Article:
“In 2017, it is estimated that over 100,000 donkeys were slaughtered across the country, but in 2018, the slaughterhouses expanded their capacities, taking in more donkeys for slaughter, which are sourced even from the neighbouring countries that have banned the trade,” Theuri said.
The trade, he says, has also fuelled cross-border theft of donkeys, especially along the Kenya-Somalia and Kenya-Uganda borders.
“The theft is fuelled by the rising prices in the Kenyan market and the ready market to satisfy the demand for export,” Theuri said.
Donkey skins and hides are used to manufacture Chinese traditional medicine. Donkey skins are believed to produce a medicinal gelatin known as ejiao that is traded as traditional Chinese medicine
History has it that over 2,000 years ago, ejiao was a preserve of emperors, believed to promote good health, long life and fertility. Currently, ejiao is used in medication for skincare and products that allegedly preserves youth and beauty. This has led to increased demand, which far outstrips supply.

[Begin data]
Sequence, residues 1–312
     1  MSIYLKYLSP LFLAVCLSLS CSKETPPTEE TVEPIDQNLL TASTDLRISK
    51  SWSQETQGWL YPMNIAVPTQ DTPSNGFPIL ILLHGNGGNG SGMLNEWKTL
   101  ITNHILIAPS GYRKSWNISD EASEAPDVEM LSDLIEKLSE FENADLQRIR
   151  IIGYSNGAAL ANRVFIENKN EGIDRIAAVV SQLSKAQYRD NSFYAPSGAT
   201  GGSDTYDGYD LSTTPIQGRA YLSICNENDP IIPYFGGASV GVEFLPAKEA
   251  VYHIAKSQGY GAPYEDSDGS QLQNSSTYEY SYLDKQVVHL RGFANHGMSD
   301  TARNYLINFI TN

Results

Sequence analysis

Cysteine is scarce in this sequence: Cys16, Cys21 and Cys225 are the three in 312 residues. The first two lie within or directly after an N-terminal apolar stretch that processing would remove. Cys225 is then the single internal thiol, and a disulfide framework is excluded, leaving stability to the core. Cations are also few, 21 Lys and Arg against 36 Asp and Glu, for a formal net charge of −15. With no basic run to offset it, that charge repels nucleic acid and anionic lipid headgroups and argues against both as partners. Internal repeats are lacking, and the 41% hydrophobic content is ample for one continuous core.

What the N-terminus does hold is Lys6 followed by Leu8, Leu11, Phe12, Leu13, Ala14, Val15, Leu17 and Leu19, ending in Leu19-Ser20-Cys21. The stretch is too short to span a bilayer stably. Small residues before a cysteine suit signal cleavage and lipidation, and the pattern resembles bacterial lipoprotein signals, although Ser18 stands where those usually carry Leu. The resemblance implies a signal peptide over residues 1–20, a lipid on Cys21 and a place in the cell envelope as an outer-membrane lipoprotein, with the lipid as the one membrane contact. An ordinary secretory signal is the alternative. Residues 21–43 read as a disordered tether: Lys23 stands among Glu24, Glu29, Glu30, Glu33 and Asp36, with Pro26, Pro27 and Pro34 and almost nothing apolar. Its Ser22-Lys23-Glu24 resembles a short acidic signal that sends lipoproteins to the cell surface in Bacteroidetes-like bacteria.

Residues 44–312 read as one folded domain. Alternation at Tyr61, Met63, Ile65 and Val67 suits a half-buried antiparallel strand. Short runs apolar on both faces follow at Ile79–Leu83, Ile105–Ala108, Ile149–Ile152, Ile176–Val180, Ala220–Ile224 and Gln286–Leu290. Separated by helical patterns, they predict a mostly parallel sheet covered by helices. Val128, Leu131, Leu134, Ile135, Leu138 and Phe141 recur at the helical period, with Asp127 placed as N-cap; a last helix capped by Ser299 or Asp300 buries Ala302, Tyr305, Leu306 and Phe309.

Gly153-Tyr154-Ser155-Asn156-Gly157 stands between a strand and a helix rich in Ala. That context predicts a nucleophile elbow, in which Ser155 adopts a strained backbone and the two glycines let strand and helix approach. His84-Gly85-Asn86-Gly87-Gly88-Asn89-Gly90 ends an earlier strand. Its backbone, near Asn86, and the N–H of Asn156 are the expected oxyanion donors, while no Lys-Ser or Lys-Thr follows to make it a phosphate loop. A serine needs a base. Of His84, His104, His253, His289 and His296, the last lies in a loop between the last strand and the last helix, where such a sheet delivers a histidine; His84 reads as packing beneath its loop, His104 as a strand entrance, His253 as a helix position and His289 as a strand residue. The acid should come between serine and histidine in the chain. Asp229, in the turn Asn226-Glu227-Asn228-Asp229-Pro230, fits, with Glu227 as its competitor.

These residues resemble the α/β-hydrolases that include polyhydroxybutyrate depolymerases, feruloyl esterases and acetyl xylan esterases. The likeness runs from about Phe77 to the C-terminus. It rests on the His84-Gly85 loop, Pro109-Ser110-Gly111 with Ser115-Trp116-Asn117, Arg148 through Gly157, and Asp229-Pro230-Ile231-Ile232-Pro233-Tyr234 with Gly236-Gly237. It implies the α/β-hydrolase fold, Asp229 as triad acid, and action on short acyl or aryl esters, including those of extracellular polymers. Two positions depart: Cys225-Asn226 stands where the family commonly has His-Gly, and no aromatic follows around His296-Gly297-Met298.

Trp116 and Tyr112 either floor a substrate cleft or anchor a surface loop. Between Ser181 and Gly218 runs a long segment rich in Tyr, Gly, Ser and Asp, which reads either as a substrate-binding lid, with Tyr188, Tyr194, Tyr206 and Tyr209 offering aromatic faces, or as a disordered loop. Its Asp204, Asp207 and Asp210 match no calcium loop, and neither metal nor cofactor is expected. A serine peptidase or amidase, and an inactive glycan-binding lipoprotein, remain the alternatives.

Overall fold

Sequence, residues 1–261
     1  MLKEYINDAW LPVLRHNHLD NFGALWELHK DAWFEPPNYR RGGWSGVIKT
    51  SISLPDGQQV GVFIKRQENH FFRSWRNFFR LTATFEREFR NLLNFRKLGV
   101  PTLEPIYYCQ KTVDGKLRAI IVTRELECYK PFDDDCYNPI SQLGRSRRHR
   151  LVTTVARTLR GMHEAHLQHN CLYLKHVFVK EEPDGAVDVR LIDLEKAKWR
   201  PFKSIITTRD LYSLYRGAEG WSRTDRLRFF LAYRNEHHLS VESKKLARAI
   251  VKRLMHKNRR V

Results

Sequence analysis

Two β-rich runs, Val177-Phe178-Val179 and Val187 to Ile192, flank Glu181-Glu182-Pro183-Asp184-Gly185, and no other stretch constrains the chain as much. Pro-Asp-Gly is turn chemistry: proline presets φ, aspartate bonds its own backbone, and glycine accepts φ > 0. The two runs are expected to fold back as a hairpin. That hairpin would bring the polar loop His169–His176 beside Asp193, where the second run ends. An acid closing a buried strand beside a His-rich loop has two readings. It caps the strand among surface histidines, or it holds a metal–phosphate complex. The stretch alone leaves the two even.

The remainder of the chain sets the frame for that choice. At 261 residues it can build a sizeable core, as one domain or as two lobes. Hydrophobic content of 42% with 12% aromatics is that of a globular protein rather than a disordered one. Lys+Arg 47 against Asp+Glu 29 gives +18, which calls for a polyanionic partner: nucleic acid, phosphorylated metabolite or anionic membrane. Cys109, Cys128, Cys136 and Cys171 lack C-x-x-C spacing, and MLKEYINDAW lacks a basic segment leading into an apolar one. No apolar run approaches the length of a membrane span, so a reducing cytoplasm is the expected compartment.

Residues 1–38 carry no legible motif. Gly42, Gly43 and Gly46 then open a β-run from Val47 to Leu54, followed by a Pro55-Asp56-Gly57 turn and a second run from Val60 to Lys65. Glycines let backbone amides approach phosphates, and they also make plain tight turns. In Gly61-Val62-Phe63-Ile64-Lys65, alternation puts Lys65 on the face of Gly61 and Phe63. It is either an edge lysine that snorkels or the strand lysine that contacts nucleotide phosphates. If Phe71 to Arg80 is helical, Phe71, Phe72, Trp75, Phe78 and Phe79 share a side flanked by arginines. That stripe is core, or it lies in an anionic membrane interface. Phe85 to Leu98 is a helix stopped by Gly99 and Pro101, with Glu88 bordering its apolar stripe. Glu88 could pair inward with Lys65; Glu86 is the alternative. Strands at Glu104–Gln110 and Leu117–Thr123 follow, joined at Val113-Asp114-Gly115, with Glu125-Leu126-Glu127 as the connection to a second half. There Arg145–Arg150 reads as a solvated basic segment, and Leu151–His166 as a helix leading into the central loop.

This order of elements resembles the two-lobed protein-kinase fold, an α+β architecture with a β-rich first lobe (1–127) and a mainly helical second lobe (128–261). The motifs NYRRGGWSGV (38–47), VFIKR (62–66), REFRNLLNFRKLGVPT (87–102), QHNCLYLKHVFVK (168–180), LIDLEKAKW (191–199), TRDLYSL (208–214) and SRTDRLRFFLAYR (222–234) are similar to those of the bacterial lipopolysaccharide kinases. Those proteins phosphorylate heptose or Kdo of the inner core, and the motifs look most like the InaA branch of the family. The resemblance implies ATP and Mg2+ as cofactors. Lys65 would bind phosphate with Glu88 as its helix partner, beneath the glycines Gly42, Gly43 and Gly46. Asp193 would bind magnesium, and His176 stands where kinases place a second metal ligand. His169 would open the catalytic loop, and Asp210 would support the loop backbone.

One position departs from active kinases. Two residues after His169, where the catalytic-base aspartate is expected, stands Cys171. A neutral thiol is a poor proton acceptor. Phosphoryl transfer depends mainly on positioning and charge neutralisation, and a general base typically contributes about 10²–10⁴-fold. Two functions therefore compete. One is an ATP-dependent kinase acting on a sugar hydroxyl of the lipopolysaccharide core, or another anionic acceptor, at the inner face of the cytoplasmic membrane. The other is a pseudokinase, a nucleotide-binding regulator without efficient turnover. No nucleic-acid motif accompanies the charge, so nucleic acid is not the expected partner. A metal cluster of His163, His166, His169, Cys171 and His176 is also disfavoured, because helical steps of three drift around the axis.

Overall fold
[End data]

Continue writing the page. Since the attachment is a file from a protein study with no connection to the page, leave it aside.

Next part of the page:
According to Donkey Santuary, an international charitable organisation devoted to the welfare of donkeys, millions of donkeys are farmed for their skin to produce ejiao in China. The demand for the product, the organisation says, is insatiable, and has become a global trade.
“Research by The Donkey Sanctuary reveals a worrying trend in the growing trade and demand of donkey meat and skins, and its potential effect on global donkey populations and their welfare,” Donkey Sanctuary says. The demand for ejiao, the organisation adds, has dramatically increased in the last few years.
“There used to be around 11 million donkeys in China, but the number has dropped to 6 million in the last 20 years. Donkeys and donkey skins are now being imported from other countries, including those in Africa. Most of these are being bought and sold by dealers, but a significant number of donkeys are also stolen from their owners,” the organisation noted.